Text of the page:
A young boy (Kabir Sajid) in Sriram Raghavan’s Andhadhun is cunningly witty. Using his charming innocence, he tricks people into giving him money. Until one day, he is left dumbstruck when one of his tricks backfires. Sriram Raghavan’s Andhadhun could very well be a parable of sorts, underlining the message that an equal and opposite reaction awaits all your actions; that final justice is done, no matter what.
But Andhadhun is more than that. It is a pacy drama, with all the thrills, woven together with a gripping plot, even when the suspense has been revealed well in the beginning. There has been a murder, which has been revealed early on, so have the identities of every person remotely connected with it. And there is a lot more to unfold in the next two hours that keep you glued to your seats as the tension builds up.
The film, as credited, is inspired by a French short, L’Accordeur (The Piano Tuner). Raghavan has just picked up the germ of that idea—of a pianist who uses blindness to experiment with his art and ends up embroiled in a murder. The short leaves you pining for more to unfold, and Raghavan does not miss an opportunity to give a spin to that tale. The best part is that the tension in the film is built up without the frills of throbbing, loud background music; the subtle piano sounds nail it.
We are introduced to Akash (Ayushmann Khurrana), a blind pianist who is ready to go to any length to complete that one outstanding composition of his life. Here on, the film hinges on chance encounters. First, he accidentally meets Sophie (Radhika Apte), who offers him an evening job playing piano at her father’s local-upscale restaurant, Franco’s. Then, while at the restaurant, he meets a yesteryear movie star, Pramod Sinha (an excellently cast Anil Dhawan), who is living life relishing the glory of his past— repetitively watching his films and revelling in the songs that featured him. Raghavan’s masterful casting here reflects not just his personal love for Hindi classics, but its use in the best possible way, too. Posters and montages from Dhawan’s films from his days of prime feature in abundance in Andhadhun.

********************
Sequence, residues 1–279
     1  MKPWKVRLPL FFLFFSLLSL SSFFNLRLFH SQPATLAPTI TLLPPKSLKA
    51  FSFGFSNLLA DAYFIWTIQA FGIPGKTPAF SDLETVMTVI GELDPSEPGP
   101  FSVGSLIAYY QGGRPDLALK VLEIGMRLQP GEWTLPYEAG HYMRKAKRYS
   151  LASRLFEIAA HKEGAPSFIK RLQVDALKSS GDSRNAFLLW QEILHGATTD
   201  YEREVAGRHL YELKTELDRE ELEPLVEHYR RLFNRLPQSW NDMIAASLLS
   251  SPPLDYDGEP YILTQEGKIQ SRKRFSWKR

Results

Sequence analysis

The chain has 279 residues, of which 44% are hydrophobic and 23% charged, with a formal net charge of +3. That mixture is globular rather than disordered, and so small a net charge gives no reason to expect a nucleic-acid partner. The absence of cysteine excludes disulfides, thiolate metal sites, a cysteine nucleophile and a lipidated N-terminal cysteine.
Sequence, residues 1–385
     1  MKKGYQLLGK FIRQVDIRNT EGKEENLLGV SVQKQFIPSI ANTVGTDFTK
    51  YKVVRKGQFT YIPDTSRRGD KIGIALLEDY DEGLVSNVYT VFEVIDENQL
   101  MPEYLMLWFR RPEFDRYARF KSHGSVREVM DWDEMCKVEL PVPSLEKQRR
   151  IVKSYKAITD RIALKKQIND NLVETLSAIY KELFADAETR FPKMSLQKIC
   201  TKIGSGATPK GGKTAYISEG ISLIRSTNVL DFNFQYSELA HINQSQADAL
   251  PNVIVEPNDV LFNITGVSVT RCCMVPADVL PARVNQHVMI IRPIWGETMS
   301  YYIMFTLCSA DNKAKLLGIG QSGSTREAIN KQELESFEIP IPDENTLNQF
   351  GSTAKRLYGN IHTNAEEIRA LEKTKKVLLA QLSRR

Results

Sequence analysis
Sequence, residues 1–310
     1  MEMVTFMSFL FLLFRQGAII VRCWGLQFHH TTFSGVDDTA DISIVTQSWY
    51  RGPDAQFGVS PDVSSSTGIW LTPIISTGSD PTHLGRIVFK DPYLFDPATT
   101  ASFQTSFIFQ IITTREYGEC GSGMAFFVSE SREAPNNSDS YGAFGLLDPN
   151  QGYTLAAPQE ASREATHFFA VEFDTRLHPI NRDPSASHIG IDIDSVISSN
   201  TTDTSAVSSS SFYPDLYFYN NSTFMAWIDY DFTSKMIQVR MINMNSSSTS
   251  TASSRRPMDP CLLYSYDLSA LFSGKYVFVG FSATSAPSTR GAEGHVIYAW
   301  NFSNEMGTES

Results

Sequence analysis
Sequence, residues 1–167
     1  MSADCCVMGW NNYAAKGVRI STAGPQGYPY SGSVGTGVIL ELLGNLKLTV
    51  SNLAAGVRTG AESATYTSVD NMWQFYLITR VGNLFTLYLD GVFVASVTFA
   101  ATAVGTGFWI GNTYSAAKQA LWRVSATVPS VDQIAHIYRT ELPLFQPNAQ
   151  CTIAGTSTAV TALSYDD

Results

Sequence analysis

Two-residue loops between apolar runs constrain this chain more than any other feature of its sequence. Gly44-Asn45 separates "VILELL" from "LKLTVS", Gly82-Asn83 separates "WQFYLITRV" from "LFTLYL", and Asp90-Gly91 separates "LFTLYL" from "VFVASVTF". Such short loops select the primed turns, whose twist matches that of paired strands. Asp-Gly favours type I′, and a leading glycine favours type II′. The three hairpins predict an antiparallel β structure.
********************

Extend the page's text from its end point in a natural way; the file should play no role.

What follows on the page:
The meeting, however, leads to Akash bagging a private performance at Sinha’s home. He wants to surprise his much younger wife, Simi (Tabu)—a feisty woman with her own quirks. Trying to bag a role in a TV show using her husband’s connections, Simi isn’t the straightest of persons. She can be dramatic and cold, and no one but Tabu could have pulled it off so well. Raghavan’s skill of bringing in references from popular culture works well here when a character refers to Simi as Lady Macbeth, drawing from one of Tabu’s earlier performances.
The absurdity of the plot is laid out, the secrets of the characters are revealed, and from here on it is just the crisp writing (Sriram Raghavan, Arijit Biswas, Pooja Ladha Surti, Yogesh Chandekar, Hemant Rao) and superlative performances of every actor that keep you hooked in anticipation even as you laugh at some cleverly crafted scenes.
The film, opens with the line—‘what is life, it depends on the liver’—and lives up to it till the end. The ‘liver’ can be the person living the life, or the organ, liver. It depends on how you perceive the lines in a film directed by a person whose expertise has often included playing around with dual meanings.
And as you dwell on the nuances, the first half of the film does not give you an opportunity to blink. The second half, driven by chaos, is a lesson in how to connect the dots for that perfect ending that would finally determine whether justice has been served or not.
Director: Sriram Raghavan
Cast: Ayushmann Khurrana, Tabu, Radhika Apte, Anil Dhawan